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ShoreZone Program Daily Log - July 12, 2018

We have successfully completed Day 2 of surveying Glacier Bay National Park for some of the northern headlands in the bay. Today’s survey included imaging of Reid Glacier (see image below), the first of many tidewater glaciers to come. So far, the flight crew has been able to generally stick to their flight plan.

Glacier Bay National Park & Preserve 2018 facts (National Park Service): Two hundred and fifty years ago a single, large tidewater glacier covered all of Glacier Bay. By 1750 the glacier began to retreat and has now retreated 60 miles to the head of the bay. At last count there were 1, 045 glaciers in the Park. There are over 50 named glaciers, seven of which are active tidewater glaciers that calve icebergs into the sea. In general, tidewater and terrestrial glaciers in the Park have been thinning and receding over the last several decades. Exceptions include the Johns Hopkins and Margerie glaciers.

Glacier with green hills and mountains in background

Reid Glacier is about 3/4 mile wide, 150 feet high, and over 10 miles long. Like Lamplugh Glacier to the west, it originates in the Brady Icefield. Both the eastern third and western third of the glacier is now grounded and basically terrestrial. Only the central area with its deep blue ice is affected by high tides when calving may occur. Water is shallow along the ice face. This glacier is close to becoming grounded and no longer considered tidewater. Sediment deposited from streams draining out of the glacier on the eastern and western margins is gradually filling the inlet in front of the glacier, the deposits being exposed at low tides. The center of the glacier continues to slowly recede at about 30 to 50 feet per year, while the remainder of the margin has been receding at about 30 feet per year or less while progressively thinning. Crevasses that characterized Reid Glacier within its terminus region since the early 1900’s are slowly closing as flow rates decrease and the terminus becomes terrestrial. The glacier-filled all of Reid Inlet in 1899 and has slowly receded to its current position since that time. On the walls of the fjord, lateral deposits of the glacier extend from near the waterline up and along the bedrock face, and mark the positions and thickness of the ice at locations where it remained stable for some period of time during this overall period of recession.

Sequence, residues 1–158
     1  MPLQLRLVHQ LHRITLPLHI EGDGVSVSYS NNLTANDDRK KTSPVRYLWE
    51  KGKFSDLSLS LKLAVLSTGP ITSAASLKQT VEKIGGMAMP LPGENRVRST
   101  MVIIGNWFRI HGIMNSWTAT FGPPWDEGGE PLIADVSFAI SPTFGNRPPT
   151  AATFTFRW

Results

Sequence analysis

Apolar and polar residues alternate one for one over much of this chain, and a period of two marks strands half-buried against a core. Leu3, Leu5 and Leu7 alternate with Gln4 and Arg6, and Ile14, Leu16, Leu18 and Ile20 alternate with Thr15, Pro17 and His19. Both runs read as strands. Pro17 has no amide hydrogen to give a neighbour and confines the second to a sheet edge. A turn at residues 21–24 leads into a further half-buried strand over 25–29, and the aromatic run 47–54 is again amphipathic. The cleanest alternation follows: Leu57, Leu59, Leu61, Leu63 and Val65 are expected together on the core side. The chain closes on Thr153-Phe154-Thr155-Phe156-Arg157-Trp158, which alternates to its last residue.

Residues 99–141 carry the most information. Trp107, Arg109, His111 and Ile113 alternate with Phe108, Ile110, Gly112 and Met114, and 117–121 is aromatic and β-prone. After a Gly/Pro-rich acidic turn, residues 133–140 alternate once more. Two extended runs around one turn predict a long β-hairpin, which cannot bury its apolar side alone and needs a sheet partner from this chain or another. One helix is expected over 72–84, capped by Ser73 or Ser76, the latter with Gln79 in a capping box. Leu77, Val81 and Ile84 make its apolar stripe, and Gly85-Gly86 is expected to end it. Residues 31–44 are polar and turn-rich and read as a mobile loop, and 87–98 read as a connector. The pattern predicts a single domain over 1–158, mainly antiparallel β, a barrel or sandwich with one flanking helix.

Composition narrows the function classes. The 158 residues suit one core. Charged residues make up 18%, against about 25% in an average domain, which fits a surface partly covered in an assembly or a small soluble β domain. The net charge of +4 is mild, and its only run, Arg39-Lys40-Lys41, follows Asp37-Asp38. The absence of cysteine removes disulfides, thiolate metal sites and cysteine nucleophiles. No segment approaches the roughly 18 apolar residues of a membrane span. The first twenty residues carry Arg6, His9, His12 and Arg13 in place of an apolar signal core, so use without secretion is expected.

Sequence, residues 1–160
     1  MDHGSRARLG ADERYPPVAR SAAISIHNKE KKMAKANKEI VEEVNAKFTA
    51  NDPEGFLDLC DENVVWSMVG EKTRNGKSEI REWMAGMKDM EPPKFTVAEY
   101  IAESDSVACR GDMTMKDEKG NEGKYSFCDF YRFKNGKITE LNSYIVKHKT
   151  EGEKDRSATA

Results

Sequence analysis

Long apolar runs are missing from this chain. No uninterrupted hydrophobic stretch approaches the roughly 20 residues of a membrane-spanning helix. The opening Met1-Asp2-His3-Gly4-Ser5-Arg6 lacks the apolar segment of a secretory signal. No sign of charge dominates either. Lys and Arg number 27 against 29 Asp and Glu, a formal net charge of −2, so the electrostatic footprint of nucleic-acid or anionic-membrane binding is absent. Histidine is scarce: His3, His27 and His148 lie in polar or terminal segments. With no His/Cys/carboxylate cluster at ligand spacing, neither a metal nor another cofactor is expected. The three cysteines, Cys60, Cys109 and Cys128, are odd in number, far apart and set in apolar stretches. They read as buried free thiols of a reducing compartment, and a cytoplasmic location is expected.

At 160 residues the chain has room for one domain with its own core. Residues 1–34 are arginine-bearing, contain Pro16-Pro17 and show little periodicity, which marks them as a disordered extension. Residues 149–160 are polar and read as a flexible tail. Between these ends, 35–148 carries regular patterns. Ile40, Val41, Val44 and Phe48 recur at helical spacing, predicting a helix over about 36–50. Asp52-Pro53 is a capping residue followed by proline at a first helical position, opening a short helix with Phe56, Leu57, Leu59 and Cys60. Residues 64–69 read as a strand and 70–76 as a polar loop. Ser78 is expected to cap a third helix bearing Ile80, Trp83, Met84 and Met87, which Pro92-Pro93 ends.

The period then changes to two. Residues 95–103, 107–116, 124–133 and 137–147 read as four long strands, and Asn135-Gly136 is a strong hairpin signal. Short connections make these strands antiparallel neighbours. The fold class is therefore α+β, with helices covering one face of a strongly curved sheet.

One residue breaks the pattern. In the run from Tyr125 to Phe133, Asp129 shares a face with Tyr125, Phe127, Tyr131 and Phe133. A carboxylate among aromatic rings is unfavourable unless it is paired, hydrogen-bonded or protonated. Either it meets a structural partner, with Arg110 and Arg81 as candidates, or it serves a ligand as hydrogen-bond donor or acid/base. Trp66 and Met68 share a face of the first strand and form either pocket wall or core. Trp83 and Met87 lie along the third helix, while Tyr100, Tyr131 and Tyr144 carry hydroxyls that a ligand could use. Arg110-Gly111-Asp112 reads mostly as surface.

A glacially fed inlet in the northern region, Glacier Bay National Park & Preserve

A glacially fed inlet in the northern region, Glacier Bay National Park & Preserve.

This inlet no longer has a tidewater glacier but some characteristics of its presence remain as glacial succession progresses. A long narrow inlet has been carved out by the glacier and is now flanked by a coniferous forest down to the tidal zone. The river delta at the head of this inlet has been filled in with glacial sediments as erosional processes continue in the uplands. These sediments are still being actively deposited and moved around by tidal and riverine forces preventing stabilizing colonization by marine or brackish biota. However, the upper tidal zone is flanked by patches of sedges and grasses which can expand and mature as conditions become more favorable. Geologically speaking it probably wasn’t so long ago that this inlet had a tidewater glacier.

Beardslee Islands, Alaska in Glacier National Park.

Beardslee Islands, Alaska in Glacier National Park.